As convenient as the train system is, there are still times when you will need to take a taxi in Japan. While taking a cab long distances will still cost you a lot more than other forms of public transport, you can almost be assured of a comfortable and safe experience with a smartly dressed driver and clean car. Here are some basic facts about the Japan taxi system that are handy to keep in mind before you catch one.
Catching a taxi in Japan is usually quite a simple and civil affair. You either hail one off the street, wait for one at a taxi stand, or book one via a smartphone app or via phone, though the last 2 options would usually require some basic Japanese.
1) Go to the nearest main street and look for a taxi with the word 空車 (ku-sha), which means “available”. Even if you can't remember the Japanese, do try to keep in mind that “available” signs for taxis in all over Japan are red (as pictured below).
2) Hail the taxi by stepping to the edge of the street, look intently at the driver, wave or raise a hand, and/or shouting “Taxi!” to get the cab driver's attention.
3) When a Japanese taxi driver stops to pick you up, he will almost always put on his hazard lights as he pulls over to the side of the road. Don’t bother reaching out to open the backseat door–this is controlled by the driver and it will swing open automatically for you. No Smoking is allowed within the taxis. If you would like to consume food within the taxi, it would be polite to ask even though the driver will usually give their consent.
Below is an explanation of all of the typical signs you will see on a Taxi marquee. These signs are basically the same throughout Japan in general.
Increased Night Fare – Between the hours of 11 pm – 5 am, taxis charge an additional 20% fare so you will see this sign on many taxis available during that timeframe.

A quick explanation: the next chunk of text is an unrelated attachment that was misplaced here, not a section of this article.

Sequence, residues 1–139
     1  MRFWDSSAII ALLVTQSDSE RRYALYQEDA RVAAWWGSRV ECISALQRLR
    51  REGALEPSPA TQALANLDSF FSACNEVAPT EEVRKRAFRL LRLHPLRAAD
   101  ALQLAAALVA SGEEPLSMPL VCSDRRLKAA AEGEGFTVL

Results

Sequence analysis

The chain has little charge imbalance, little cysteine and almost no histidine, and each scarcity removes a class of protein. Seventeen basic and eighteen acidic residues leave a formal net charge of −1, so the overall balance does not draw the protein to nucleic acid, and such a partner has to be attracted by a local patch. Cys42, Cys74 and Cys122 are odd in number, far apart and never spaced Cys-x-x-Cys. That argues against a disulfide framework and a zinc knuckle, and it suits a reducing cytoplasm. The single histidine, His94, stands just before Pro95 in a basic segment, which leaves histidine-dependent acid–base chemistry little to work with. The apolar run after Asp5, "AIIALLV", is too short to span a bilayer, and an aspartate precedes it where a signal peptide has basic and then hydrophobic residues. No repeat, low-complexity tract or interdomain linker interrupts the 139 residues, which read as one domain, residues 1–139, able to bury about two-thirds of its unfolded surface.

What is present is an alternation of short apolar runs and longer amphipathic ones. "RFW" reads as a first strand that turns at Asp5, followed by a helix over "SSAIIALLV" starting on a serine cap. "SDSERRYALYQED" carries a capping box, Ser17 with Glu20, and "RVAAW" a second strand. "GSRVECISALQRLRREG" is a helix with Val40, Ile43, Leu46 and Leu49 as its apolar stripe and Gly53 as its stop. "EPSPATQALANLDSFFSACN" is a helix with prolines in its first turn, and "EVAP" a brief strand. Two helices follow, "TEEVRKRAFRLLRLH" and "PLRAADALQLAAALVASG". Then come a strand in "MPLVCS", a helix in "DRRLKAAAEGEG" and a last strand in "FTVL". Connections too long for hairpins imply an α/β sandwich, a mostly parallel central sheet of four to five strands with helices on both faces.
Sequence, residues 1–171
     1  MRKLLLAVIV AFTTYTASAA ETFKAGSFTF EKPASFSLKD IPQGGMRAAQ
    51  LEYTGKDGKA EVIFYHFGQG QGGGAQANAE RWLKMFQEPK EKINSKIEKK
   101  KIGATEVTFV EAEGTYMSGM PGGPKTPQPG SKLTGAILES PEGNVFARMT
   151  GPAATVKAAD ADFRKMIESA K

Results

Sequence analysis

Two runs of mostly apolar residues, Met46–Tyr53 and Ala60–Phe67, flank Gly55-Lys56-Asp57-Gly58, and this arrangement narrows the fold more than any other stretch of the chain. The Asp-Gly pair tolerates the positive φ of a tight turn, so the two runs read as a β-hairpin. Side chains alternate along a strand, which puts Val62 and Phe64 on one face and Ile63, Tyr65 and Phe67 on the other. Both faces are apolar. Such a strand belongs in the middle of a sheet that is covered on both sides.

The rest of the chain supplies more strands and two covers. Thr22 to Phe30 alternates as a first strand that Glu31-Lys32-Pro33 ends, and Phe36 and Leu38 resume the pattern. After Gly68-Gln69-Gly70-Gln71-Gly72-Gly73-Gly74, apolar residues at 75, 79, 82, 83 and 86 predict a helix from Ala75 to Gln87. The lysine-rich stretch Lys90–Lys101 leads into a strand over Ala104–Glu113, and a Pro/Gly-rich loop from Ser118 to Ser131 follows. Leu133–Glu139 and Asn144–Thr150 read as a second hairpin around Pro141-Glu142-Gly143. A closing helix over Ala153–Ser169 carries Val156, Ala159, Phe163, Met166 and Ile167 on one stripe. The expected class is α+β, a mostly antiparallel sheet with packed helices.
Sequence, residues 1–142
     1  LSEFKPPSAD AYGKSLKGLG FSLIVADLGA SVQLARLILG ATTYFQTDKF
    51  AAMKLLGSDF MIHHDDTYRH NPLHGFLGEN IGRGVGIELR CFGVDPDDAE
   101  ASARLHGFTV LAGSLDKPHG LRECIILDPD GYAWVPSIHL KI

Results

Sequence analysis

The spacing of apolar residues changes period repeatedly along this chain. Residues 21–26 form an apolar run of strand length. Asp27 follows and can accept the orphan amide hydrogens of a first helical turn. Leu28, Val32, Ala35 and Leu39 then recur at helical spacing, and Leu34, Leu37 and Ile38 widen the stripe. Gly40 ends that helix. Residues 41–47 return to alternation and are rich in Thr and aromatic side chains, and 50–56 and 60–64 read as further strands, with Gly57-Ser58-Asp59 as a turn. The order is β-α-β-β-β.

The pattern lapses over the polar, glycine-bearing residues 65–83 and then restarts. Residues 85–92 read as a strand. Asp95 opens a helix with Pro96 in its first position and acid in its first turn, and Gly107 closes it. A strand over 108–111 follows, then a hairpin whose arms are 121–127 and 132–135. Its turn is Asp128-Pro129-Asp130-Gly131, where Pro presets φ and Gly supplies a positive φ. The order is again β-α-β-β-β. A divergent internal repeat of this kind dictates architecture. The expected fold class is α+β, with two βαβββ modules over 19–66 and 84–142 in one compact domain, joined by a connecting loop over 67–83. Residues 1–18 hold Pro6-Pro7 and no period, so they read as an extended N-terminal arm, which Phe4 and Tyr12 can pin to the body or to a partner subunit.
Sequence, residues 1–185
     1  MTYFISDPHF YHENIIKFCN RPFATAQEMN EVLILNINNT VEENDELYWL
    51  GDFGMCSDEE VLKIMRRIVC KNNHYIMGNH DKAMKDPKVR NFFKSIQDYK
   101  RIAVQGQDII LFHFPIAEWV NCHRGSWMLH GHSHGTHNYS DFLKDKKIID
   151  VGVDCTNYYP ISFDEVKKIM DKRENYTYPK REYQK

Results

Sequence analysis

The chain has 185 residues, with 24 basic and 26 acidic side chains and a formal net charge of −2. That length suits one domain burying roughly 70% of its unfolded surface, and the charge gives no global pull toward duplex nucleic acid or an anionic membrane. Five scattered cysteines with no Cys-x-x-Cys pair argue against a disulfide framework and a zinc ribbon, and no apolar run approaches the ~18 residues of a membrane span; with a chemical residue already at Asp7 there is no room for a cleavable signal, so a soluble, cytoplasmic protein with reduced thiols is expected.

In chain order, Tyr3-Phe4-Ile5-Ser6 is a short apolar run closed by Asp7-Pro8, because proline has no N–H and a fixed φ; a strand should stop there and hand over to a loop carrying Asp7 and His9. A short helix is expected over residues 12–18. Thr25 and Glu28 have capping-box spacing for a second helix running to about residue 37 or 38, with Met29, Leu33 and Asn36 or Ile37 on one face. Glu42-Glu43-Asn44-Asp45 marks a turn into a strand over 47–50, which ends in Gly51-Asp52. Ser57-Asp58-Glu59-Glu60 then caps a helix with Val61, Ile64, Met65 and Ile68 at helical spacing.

out of service
reserved, on the way to a pick-up
reserved for specific amount of time
As if it wasn’t easy enough to find a taxi in Japan just walking down the street, there are also taxi stands. Conveniently located all over town, you can expect to find them near high foot-traffic areas such as train stations and of course at big hotels, where more often than not a long row of taxis will be lining up for passengers. Although you may be tempted to hop into the taxi which happens to be closest to you, please do not. Japanese taxi etiquette dictates that you ride the one at the front of any given line—even if you’re alone!
Don’t rely on a taxi drivers’ knowledge of English to get you where you want to go. If you haven’t been to your destination before and can’t give the driver directions in Japanese, it’s a good idea to have the address at hand for the driver to input into the taxi’s GPS system. A note with the address in Japanese, a physical map, a screen capture, or the website of your destination are all preferable to verbal confirmation only. That said, you will probably need to say a few things during your trip.
This is a hypothetical dialogue between a driver and passenger, illustrating how you might communicate. There is also a list of common words you will need to know when instructing a taxi driver where to drop you off. Japanese follows English in each sentence.
Driver: “Where would you like to go?”
You: “Please take me to Roppongi 3-chome”
Roppongi san-chome made onegai shimasu.
"Please turn left (right) at the next corner.
"Tsugi no kado wo hidari (migi) ni magatte kudasai/Tsugi no kado hidari desu.
"Please stop just before the traffic lights."
Shingou no temae de tomete kudasai.
"My apartment (house) is right on the next corner."
Watashi no apato (ie) wa tsugi no kado desu.
"Please give me a receipt."
Ryoshusho wo kudasai / Reshiito wo kudasai.
Tip: It is advisable to receive a receipt as you can find the taxi company's contact information on it. It is very useful in case you lost something in a taxi.
|Right: Migi||Left: Hidari|
|Straight: Massugu||Turn: Magaru|
|Stop: Tomaru||Here: Koko|
|There: Asoko||This: Kore|
|That: Are||It: Sore|
|I’m in a hurry: Isoide imasu.||Please drive faster: Isoide kudasai.|
|Standard sedan taxi||Van taxi|
|Electric vehicle taxi|
Taking a taxi in Japan is a wonderful option, especially when it comes to clean, simple and convenient intra-city public transport that doesn’t care what time it is. So the next time you’ve missed your train, are looking to pamper your feet a little or have a lot of luggage to carry, don’t hesitate to call or hail a taxi!
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